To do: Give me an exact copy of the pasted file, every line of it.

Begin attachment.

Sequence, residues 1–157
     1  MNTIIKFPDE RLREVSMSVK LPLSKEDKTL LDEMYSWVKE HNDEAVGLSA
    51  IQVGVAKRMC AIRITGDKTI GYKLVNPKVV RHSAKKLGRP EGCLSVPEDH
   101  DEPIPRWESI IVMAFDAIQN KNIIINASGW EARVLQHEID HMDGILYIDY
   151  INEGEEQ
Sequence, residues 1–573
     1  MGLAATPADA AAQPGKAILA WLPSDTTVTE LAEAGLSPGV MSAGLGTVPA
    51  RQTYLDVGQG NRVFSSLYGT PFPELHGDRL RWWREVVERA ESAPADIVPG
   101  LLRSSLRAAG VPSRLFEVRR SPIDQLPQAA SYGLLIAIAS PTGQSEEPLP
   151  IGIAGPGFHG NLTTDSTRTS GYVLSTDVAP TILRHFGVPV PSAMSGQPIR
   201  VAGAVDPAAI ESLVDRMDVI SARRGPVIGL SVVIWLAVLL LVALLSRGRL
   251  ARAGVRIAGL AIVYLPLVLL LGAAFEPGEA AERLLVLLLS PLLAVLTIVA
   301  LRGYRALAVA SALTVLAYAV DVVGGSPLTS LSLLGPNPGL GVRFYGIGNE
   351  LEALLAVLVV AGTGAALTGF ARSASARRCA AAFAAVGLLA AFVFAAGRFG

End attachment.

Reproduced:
Sequence, residues 1–157
     1  MNTIIKFPDE RLREVSMSVK LPLSKEDKTL LDEMYSWVKE HNDEAVGLSA
    51  IQVGVAKRMC AIRITGDKTI GYKLVNPKVV RHSAKKLGRP EGCLSVPEDH
   101  DEPIPRWESI IVMAFDAIQN KNIIINASGW EARVLQHEID HMDGILYIDY
   151  INEGEEQ
Sequence, residues 1–573
     1  MGLAATPADA AAQPGKAILA WLPSDTTVTE LAEAGLSPGV MSAGLGTVPA
    51  RQTYLDVGQG NRVFSSLYGT PFPELHGDRL RWWREVVERA ESAPADIVPG
   101  LLRSSLRAAG VPSRLFEVRR SPIDQLPQAA SYGLLIAIAS PTGQSEEPLP
   151  IGIAGPGFHG NLTTDSTRTS GYVLSTDVAP TILRHFGVPV PSAMSGQPIR
   201  VAGAVDPAAI ESLVDRMDVI SARRGPVIGL SVVIWLAVLL LVALLSRGRL
   251  ARAGVRIAGL AIVYLPLVLL LGAAFEPGEA AERLLVLLLS PLLAVLTIVA
   301  LRGYRALAVA SALTVLAYAV DVVGGSPLTS LSLLGPNPGL GVRFYGIGNE
   351  LEALLAVLVV AGTGAALTGF ARSASARRCA AAFAAVGLLA AFVFAAGRFG